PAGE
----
Over the past few years I have been a great advocate of class based action research projects. They allow me to focus on a particular aspect of eduation whereby I am given time to apply and reflect on my own teaching practice with the aim to improve it. At the end of March, I submitted a bid for £5000 that would pay for 15 iPads. My proposal was based on our needs at our school. The expected outcomes of buying and using the iPads in the classrom would be:
- Transform teaching and learning by changing the current classroom culture and embedding creative use of ICT
- Make the classroom teaching and learning more interactive and creative in facilitating learning
- Facilitate more personalised learning that is strongly linked to learners needs
- Raise expectations and reduce the gap for lower performers
- Raise standards in reading and writing for all
- Close the digital divide and improve standards for all children
- Motivate and engage reluctant readers and writers
- Provide a platform for developing speaking and listening skills which in turn impact positively on reading and writing skills
- Utilising emerging technologies in the classroom and exploring potential impact in supporting learning
- Develop and embed effective inclusion strategies for children with SEND
- Initiate an ICT cluster group to share good outcomes and practice
- Develop role of Digital Leaders
- Organise a Teachmeet/Kidsmeet
My baseline assessment is to target a cohort (unsure which year group at this point as not sure where I’ll be in September) in order to track, monitor and assess achievement and impact throughout the project. Writing and reading levels will be used as a baseline and ambitious targets set with a specific focus on targeting those children who are underachieving. Alongside this we would interview children on their attitudes to learning and engagement in this as well as parental observations on this. This would then be re-assessed at the end of the project. Interim data and performance indicators will be used to monitor the impact of ICT on learners.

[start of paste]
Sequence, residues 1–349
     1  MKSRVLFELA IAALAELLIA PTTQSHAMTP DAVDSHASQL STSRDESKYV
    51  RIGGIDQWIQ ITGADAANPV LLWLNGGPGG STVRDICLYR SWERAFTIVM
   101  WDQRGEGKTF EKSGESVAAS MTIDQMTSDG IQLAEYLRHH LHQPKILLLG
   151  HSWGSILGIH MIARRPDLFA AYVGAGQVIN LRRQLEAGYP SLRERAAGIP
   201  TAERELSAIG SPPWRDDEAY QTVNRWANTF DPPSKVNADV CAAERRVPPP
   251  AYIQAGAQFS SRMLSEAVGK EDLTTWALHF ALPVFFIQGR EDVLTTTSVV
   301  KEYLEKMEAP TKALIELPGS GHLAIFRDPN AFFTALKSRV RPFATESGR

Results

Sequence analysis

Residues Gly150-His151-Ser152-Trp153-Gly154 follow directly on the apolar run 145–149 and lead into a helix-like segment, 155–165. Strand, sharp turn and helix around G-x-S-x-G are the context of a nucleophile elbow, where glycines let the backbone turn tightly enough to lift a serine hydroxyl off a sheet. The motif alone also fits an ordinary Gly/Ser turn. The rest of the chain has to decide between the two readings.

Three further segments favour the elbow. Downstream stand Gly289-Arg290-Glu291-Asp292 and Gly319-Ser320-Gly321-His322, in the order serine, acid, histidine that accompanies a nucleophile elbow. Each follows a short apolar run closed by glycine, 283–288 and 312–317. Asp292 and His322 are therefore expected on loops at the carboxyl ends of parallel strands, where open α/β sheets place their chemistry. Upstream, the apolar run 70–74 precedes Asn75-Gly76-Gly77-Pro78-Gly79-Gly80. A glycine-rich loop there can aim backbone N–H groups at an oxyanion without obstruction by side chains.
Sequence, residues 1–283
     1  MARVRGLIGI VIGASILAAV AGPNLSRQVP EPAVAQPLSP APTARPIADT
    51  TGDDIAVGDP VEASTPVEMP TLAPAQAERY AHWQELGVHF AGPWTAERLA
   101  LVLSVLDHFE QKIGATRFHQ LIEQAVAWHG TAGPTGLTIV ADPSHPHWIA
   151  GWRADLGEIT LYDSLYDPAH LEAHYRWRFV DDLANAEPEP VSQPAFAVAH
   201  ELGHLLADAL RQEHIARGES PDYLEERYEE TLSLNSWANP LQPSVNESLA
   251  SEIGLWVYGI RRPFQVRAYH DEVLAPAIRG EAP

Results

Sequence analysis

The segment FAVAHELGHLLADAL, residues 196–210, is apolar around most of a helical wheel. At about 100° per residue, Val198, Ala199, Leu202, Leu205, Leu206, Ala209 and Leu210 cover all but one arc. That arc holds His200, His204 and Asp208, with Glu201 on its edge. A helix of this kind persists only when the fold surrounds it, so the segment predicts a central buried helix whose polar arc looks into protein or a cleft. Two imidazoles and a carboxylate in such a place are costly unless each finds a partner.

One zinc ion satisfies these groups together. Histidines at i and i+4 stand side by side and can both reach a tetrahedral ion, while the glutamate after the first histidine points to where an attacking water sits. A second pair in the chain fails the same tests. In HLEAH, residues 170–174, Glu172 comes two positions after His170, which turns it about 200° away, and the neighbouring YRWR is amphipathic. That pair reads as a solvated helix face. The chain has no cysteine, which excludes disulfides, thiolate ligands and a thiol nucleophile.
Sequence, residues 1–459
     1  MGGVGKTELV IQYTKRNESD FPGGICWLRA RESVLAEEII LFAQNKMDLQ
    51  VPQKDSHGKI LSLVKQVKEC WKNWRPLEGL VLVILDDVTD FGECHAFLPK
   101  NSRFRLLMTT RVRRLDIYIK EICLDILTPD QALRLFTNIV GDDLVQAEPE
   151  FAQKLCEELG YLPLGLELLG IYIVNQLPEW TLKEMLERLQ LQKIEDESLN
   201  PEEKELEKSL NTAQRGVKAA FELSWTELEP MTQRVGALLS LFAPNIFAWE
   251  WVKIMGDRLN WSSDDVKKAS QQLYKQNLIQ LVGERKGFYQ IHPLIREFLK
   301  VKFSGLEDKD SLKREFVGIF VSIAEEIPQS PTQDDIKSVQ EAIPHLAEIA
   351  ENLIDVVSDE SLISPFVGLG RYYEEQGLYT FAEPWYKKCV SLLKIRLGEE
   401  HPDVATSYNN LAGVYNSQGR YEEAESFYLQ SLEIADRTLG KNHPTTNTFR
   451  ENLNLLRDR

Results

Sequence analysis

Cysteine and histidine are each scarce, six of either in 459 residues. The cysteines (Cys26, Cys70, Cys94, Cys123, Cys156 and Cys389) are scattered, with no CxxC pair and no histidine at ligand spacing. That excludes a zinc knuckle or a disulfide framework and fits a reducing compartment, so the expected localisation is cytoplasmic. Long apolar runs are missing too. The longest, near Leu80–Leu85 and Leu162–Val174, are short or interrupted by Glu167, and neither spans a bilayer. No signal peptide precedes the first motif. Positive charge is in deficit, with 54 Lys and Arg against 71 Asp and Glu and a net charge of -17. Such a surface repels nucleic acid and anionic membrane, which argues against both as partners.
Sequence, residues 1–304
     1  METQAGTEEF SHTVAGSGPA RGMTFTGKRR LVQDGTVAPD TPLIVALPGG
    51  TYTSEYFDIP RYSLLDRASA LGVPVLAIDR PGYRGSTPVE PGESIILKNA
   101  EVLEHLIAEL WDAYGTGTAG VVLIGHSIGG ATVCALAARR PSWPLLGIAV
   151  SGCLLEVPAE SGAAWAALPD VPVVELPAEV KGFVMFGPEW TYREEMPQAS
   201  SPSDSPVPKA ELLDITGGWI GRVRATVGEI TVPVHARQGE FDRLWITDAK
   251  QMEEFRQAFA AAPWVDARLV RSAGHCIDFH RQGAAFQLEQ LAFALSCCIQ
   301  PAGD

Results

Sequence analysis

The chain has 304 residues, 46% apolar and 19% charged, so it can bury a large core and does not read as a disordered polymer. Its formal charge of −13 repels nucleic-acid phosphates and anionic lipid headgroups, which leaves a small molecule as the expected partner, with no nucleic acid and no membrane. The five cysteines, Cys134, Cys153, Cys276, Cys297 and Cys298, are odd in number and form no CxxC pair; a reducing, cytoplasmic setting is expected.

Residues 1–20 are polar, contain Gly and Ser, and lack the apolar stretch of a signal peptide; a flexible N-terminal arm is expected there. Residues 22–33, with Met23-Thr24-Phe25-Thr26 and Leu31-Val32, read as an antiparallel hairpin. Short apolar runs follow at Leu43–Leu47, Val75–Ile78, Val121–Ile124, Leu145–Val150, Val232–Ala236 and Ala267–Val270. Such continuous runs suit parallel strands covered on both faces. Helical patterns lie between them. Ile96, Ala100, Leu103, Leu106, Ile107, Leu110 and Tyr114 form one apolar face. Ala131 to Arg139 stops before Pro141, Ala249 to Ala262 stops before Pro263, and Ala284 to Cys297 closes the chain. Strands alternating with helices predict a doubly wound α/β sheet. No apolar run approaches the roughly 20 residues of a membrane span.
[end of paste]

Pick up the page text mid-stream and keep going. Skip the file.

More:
Initial implementation of the iPads would be to provide a contextual hub for learning from which the children would utilise technology to develop language skills by accessing modelled apps, games and research. Reluctant writers and readers would be engaged and motivated by seeing, hearing and exploring good language with a view to communicate learning by sharing and having an audience. This could be achieved by provision and access to iPads and the wealth of opportunities they offer. The focus will be on talk for reading and writing and there are a number of apps and functions on the ipads which will support and enhance this.